Revolution and renovation in St Petersburg’s property market

St Petersburg’s Church of the Saviour on Spilled Blood, seen from the Moika

It is, in many ways, a most un-Russian city: Peter the Great saw to that, inviting French and Italian architects to create his modern new capital. And so, in 1703, St Petersburg was born, around the Peter and Paul Fortress, on the swampy banks of the River Neva, to protect this important trade waterway from Swedish incursions.

The land was drained with canals, forming the 42 islands, spanned by more than 300 bridges that comprise the city today. A glorious amalgam of Amsterdam and Venice suffused with wintry northern light, St Petersburg became the home of the court and site of the most lavish palaces in the land, reigning as the capital of the Russian Empire (pace a four-year hiatus) until 1918, when the Bolsheviks returned the seat of government to Moscow.

St Petersburg, Petrograd (1914), Leningrad (1924), and back to St Petersburg (1991) – re-christenings that chart the country’s chequered history. As Russia’s second city, the new St Petersburg has yet to be affected by the bling of Moscow. But change is afoot. Elegant department stores are appearing – DLT off Nevsky Prospect being the most recent arrival – while the smartest restaurants command prices that rival those of London’s.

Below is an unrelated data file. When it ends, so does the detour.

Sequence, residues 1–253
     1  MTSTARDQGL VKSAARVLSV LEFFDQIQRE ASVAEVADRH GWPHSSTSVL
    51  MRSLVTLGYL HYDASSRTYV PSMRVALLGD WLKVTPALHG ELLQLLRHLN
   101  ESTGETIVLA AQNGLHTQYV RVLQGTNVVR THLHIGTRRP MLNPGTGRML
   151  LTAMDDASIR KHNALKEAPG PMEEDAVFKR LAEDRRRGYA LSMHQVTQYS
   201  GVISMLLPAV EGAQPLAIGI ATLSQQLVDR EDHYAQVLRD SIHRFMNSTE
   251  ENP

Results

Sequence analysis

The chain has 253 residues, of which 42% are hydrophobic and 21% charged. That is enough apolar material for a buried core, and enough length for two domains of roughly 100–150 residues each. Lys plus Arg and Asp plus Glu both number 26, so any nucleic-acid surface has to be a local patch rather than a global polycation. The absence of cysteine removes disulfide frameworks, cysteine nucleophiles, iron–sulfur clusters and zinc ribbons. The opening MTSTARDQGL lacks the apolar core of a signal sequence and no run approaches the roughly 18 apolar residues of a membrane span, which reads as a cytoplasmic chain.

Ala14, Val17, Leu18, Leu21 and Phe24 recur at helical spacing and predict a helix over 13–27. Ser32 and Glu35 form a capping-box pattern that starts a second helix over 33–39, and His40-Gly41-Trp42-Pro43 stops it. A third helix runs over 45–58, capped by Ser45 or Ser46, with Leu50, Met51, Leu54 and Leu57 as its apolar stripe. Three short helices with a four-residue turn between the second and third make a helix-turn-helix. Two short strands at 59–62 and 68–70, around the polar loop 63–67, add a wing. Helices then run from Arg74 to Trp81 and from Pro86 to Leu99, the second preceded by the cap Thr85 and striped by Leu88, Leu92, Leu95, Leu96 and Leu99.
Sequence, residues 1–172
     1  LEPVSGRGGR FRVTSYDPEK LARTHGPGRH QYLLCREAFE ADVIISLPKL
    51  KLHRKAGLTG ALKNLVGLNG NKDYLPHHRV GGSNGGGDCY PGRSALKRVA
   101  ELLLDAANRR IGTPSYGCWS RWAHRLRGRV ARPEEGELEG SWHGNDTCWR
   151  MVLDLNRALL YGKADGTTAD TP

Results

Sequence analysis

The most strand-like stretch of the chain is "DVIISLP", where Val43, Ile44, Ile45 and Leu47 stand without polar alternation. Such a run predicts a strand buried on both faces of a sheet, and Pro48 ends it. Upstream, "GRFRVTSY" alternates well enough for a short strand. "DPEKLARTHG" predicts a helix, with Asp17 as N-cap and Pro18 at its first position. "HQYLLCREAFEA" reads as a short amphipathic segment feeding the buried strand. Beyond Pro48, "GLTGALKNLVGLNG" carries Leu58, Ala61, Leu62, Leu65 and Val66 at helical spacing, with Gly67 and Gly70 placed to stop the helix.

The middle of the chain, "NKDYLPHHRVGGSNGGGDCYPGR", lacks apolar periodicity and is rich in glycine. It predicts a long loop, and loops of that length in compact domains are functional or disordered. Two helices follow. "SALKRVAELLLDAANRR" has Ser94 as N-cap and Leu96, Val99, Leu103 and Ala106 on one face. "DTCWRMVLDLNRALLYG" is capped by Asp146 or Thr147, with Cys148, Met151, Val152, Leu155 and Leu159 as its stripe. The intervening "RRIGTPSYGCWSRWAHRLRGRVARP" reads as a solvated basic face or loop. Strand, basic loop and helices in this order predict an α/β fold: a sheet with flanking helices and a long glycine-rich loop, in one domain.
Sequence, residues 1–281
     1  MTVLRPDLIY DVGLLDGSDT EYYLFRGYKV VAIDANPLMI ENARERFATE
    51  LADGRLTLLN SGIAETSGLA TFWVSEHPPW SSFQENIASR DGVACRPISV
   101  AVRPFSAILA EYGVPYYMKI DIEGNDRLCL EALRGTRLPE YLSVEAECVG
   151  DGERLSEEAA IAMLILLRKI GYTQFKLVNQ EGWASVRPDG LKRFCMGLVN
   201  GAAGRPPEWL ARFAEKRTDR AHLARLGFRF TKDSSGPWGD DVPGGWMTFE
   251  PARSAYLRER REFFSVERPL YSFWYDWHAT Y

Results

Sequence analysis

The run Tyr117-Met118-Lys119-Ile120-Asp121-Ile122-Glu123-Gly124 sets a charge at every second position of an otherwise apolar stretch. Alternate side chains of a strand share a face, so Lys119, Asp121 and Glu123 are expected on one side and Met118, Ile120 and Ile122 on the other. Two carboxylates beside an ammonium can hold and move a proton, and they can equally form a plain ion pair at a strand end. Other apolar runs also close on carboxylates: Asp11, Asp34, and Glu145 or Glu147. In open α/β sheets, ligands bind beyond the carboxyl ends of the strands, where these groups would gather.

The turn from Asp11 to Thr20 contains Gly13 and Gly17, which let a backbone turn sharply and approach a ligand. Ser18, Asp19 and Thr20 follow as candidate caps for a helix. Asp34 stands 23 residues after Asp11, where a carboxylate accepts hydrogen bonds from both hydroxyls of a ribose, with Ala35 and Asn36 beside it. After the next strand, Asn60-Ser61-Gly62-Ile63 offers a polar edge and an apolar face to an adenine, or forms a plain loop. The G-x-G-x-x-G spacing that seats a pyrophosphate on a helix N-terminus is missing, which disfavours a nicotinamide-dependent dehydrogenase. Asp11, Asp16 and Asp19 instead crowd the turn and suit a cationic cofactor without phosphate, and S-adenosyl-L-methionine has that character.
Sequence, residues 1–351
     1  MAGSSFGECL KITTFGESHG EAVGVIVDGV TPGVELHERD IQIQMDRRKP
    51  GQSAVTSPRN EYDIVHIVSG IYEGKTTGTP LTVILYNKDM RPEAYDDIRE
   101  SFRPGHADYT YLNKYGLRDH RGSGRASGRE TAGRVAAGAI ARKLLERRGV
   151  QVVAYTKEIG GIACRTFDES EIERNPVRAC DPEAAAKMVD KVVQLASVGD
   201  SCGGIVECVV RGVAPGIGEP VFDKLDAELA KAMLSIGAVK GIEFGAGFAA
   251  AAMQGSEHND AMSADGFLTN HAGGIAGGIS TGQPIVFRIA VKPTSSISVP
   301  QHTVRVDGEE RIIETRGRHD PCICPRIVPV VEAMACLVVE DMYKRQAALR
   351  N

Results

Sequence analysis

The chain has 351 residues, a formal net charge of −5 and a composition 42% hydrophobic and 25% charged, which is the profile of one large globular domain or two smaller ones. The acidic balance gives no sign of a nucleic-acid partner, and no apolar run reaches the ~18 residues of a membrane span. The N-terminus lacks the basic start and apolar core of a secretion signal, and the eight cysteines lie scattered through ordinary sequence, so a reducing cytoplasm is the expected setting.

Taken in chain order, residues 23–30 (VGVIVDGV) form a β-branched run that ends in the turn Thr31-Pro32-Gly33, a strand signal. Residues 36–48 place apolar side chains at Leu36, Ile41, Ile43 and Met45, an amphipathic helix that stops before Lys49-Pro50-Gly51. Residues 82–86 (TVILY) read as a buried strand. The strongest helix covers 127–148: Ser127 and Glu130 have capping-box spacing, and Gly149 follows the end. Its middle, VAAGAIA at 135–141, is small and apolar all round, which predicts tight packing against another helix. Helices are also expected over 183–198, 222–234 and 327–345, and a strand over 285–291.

“The trouble with property in St Petersburg,” my guide says, “is all the palaces. They have created a problem because under the Soviets these were subdivided and turned into kommunalkas, where many families lived and shared facilities. Anybody wishing to develop these properties has first to persuade the existing tenants to leave and relocate them. So situations can arise where you buy an apartment in a building, only to find yourself living next to kommunalka tenants.”

On the city’s waterways, from the Neva and the Moika (popular with the old nobility for its proximity to the Winter Palace) to the Fontanka, which formed the 19th-century limits of St Petersburg, magnificent baroque and neoclassical mansions can be seen in varying states of repair. As the historic centre has been Unesco-listed since 1990, costly restorations often involve the demolition of a building to create upmarket apartments, while retaining (or recreating) the historic façade.